Industry matters: ONS figures track decline in union militancy

Proletarian writers

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Proletarian writers

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A new report by the Office of National Statistics (ONS) charts the decline in union militancy in Britain as measured in strike days. In 1926, year of the general strike, British workers notched up 162 million strike days. In 1979, year of the ‘winter of discontent’, the number was 29 million. In 2016, just 322,000 days were lost to strikes.

These figures, demonstrating just how far trade unions have departed from their original remit as organs of class struggle against capitalist exploitation, cannot be ascribed solely to the loss of jobs in heavy industry: a healthy trade union movement would have risen to the challenge of combatively mobilising workers across all sectors. The root cause of the decline of militancy is rather to be found in the long-term debilitating effect of the unions’ relationship with the imperialist Labour party. (See The strange death of strikes in Britain by Patrick Collinson, [link href=””]Guardian[/link], 3 June 2017)

The Morning Star greeted the publication of the ONS report with the strange headline, “Strikes double in spite of Tory union busting”. It turns out that this cheery message refers to the difference between the paltry number of strike days in 2016 (322,000) and the corresponding number for 2015 (170,000), an even lower index of militancy.

The slight upward blip from 2015 to 2016 is very largely (about 40 percent) accounted for by the junior doctors’ strikes. These strikes, whilst indeed reflecting a very welcome level of militancy from an unexpected quarter, hardly redound to the credit of the BMA union’s leadership, which panicked and fled the field, leaving the medics in the lurch. (See Strikes double in spite of Tory union busting by Peter Lazenby, [link href=””]Morning Star[/link], 31 May 2017)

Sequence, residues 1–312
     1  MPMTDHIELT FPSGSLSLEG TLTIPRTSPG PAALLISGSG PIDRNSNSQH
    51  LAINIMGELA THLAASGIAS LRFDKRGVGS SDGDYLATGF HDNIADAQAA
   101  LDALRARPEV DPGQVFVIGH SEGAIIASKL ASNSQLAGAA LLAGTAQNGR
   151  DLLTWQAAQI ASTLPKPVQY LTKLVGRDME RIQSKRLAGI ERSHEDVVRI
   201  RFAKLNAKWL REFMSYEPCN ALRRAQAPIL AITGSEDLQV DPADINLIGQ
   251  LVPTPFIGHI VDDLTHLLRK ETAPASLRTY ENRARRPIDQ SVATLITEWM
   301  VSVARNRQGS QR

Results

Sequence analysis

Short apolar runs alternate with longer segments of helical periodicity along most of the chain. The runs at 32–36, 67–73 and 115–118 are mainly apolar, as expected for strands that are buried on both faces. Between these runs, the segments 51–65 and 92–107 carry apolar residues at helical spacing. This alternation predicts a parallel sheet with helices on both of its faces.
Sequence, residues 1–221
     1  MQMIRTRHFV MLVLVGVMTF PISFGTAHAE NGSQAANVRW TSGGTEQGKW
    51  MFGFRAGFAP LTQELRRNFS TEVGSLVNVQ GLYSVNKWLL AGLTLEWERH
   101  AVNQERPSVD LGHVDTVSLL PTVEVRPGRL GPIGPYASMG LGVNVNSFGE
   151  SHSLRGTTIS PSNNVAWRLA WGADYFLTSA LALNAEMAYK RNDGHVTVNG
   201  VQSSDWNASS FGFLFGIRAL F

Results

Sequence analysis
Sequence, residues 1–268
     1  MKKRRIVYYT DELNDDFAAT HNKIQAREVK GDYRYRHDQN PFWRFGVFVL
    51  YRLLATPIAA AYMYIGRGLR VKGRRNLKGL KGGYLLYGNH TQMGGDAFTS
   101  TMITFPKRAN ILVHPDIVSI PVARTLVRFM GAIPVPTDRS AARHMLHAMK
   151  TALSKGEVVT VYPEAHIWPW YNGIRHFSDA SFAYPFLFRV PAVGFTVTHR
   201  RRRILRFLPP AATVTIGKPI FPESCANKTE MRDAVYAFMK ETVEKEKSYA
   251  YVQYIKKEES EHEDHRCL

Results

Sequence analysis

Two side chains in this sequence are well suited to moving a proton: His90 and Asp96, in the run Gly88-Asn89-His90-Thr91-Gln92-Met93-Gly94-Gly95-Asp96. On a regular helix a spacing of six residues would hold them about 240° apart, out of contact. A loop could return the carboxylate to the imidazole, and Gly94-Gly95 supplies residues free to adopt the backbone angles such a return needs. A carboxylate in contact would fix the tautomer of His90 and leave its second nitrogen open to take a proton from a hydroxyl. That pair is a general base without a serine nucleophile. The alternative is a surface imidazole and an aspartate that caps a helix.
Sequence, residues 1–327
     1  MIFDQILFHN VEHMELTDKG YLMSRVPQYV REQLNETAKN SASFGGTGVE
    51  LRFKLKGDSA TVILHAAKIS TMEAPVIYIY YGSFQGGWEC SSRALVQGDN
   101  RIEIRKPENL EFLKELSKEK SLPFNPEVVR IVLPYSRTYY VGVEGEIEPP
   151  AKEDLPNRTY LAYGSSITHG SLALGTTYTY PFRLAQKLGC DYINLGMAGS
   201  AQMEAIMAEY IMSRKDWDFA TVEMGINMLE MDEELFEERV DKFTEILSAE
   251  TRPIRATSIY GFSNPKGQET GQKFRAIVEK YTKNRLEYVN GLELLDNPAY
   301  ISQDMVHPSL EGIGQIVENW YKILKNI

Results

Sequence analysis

Any sign of a growth in militancy is good news, even if only from a very low base figure, and sooner or later the struggle of class against class must break to the surface afresh. But this process will not be assisted by the likes of the Morning Star encouraging us to grasp at statistical straws and telling everyone to vote Labour.

New shoots?

One possible way in which organised labour will reassert itself is already visible in the mushroom-like appearance of ‘do it yourself’ unions springing up to serve the needs of those whom more traditional unions have failed to mobilise effectively.

One example is the Independent Workers of Great Britain (IWGB), which has given a lead in pursuing tribunal cases seeking to prevent employers like food delivery courier service Deliveroo from depriving their workers of their full employment rights on the spurious pretence that they are ‘self-employed private contractors’.

Another is the lead given in the struggle of the cleaners at the London School of Economics to improve their pay and conditions. The cleaners are currently on indefinite strike for one day every week.

This determined struggle, led by the United Voices of the World (UVW), was raised by delegates to the University and College Union (UCU) Brighton conference on 27 May, who appealed to the UCU to support the cleaners, noting: “UVW’s combative and lively actions are an inspiration to us all … They are very brave to take on these employers. We have to support them. Their present situation should not become our future. We have to have a united fight against these issues in our universities and colleges.” (Solidarity at UCU’s national conference with the LSE cleaners by Vera Weghmann, [link href=””]UVW[/link], 29 May 2017)

Now the state gets to decide who runs Unite?

The consequences of retreating in the face of ever more insolent intrusions by the state into the way unions choose to run their own affairs are on full display as the defeated candidate in Unite’s recent leadership election, Gerard Coyne, runs snivelling to the union certification officer to beg him to declare Len McCluskey’s re-election invalid.

McCluskey had earlier correctly characterised Coyne’s antics around the election as part of a proxy war against Corbyn conducted by a cabal of hostile Labour MPs. Yet it was McCluskey who had already declared himself content to accept further state interference (in the form of strike ballot thresholds) in exchange for the introduction of new hi-tech ballot procedures, thereby cutting through the branch upon which he sits.

Armed only with left social democracy, McCluskey is as ill-equipped to deal with Gerard “This is not north Korea” Coyne as is Corbyn to deal with his own reactionary PLP mafia. (See Fresh bid to oust Unite union boss Len McCluskey by Ross Hawkins, [link href=”″]BBC News[/link], 2 June 2017)